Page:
The press comment so far has been very positive. 

They're a long way from the plain old Penny Black issued more than 180 years ago.  These latest vibrant designs show the Royal Mail has changed a lot since 1840 – with what may be its most inclusive stamps ever.  (Daily Mail)


  1. Is just under 3% a "significant proportion of the population"? At 4.4% of the UK population, should Muslims therefore have a stamp issue devoted to them?

    In any case, these are also the first UK stamps to show people kissing (unless you include a 1985 stamp with a depiction of Rodin's 'The Kiss'), and they have also managed to tick about every box that needs to be ticked nowadays, to the extent of self-parody.

    Perhaps if Royal Mail had issued these 10 or even 5 years ago, before I got sick to death of that ******* flag stuck to everything and everybody, I would have appreciated them more.

    [Edited by moderator]

    1. Obviously we will not tolerate what some regard as bad language, although your points are worth sharing. We will see how many people agree or disagree with your comments.

    2. Eeeeen: thank you for your second comment; I would if I could but it is not possible to edit comments once made. I edited your original by reposting it rather than letting it through as is.

    3. Eeeeen where does 3% come from?

    4. The ONS estimated that 3.1% of the UK population aged 16 years and over identified as lesbian, gay or bisexual (LGB) in 2020.

    5. I believe these statistics were at some stage thought to maybe be unrealistic as the questionnaires were not completed privately but orally in the company of other members of the household, which led to some asking whether eg a shy 17-year-old in a religious part of Northern Ireland would feel bold enough to answer truthfully any questions about their sexual orientation. Which is why some still believe that the often cited number of 10% not being straight might yet hold true, which would indeed make it a significant proportion. The fact alone that from 2014 to 2020 the percentage of those stating they were gay/lesbian/bi has doubled will tell you that more people dare to 'come out' for what they are, and are no longer bothered by those who "are okay with it as long as they don't have to be confronted by it", or worse. Shoving the matter into people's faces may be irritating but it does get the job done, which in the end is what matters.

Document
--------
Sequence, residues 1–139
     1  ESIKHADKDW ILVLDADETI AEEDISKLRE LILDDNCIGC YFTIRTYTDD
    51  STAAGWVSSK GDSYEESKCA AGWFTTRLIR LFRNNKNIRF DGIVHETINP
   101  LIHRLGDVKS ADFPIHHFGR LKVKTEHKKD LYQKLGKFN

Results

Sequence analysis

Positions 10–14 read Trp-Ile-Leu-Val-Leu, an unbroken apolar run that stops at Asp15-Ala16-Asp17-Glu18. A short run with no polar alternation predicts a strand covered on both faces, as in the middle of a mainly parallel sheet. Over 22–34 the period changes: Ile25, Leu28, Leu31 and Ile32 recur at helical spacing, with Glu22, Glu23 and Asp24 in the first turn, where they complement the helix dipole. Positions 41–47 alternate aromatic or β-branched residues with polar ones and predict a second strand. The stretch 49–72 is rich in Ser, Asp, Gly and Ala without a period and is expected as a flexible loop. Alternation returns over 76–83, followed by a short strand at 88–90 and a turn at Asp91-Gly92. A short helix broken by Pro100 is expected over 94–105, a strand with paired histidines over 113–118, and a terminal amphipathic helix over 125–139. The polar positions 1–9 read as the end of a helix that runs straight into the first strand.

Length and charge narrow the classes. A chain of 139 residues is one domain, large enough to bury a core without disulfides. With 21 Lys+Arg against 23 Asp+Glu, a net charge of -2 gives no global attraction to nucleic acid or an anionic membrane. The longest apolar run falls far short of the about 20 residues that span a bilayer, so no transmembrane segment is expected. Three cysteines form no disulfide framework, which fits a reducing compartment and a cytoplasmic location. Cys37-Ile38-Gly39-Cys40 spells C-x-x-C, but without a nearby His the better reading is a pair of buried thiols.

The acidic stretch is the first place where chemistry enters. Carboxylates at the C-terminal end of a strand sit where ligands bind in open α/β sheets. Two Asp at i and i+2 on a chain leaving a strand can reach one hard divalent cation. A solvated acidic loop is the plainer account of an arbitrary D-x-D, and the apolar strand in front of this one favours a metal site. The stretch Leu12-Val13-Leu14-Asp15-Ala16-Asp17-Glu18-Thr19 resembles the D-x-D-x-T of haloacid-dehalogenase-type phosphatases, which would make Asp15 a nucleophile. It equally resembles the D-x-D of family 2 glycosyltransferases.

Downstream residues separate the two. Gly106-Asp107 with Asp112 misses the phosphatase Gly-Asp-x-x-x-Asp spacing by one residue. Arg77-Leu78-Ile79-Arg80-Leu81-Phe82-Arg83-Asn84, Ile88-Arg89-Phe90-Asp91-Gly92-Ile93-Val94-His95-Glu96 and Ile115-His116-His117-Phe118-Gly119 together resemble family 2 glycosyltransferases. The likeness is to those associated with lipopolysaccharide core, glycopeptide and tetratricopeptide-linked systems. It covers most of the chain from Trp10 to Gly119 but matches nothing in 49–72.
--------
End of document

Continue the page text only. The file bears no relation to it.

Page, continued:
So I'm more than happy with this set as it highlights positive changes in our society, if only for the fact that it HAS been issued!

  2. It's a couple of million people... not as many as identify as cat lovers but possibly more than identify as Transformers. I think it's a good representation of Pride (the movement in all its forms) and the 50th anniversary is a significant one to mark rather than just a random "let's do it now and cash in" idea.

    A "Muslims in Britain" could well be a good theme - architecture, culture and so on. There would have to be a significant event to mark though.

    1. Royal Mail would rightly point out that there have been many representations of people from ethnic minorities, both actual people (as shown here and in other forms, such as the 2005 'Gastronomy - Changing Tastes in Britain' set.

      And if we distinguish between religion and racial background the Christmas stamps also from 2005 included Madonnas from Haiti, India, Native American, etc.

  3. Royal Mail does not need an excuse for an issue.The priority is that any issue is thematic

  4. The four 1st-class stamps I appreciate, because they let the images tell the story; the trowelling-on of political slogans in the £1.85 quartet seems to indicate a lost 'argument.'

    1. Not sure how Gay Liberation and Love Always Wins are political slogans. And surely the argument has been won rather than lost with a much more tolerant society in the main.

  5. It would have nice to see a set dedicated to the forth coming rugby league world cup instead of another rugby union set as for the Pride set it is what it is just lick'em and stick'em on the put them on an envelope.